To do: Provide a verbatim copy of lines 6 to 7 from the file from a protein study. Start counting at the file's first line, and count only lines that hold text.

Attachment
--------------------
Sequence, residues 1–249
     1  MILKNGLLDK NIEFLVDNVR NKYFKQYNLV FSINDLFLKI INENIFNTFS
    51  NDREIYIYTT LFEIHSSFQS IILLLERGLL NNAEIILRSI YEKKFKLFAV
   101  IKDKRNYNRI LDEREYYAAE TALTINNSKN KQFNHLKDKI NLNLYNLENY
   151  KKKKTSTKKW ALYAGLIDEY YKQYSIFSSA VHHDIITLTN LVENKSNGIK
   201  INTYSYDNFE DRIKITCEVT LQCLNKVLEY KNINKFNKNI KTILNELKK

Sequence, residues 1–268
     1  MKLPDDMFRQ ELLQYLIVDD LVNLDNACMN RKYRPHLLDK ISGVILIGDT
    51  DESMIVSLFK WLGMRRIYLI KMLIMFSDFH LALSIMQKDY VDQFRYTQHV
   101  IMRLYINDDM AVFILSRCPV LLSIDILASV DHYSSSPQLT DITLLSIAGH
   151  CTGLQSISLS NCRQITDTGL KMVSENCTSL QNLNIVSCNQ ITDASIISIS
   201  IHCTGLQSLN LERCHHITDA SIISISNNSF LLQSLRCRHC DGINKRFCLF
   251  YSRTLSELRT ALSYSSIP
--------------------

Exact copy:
   201  INTYSYDNFE DRIKITCEVT LQCLNKVLEY KNINKFNKNI KTILNELKK

Sequence, residues 1–268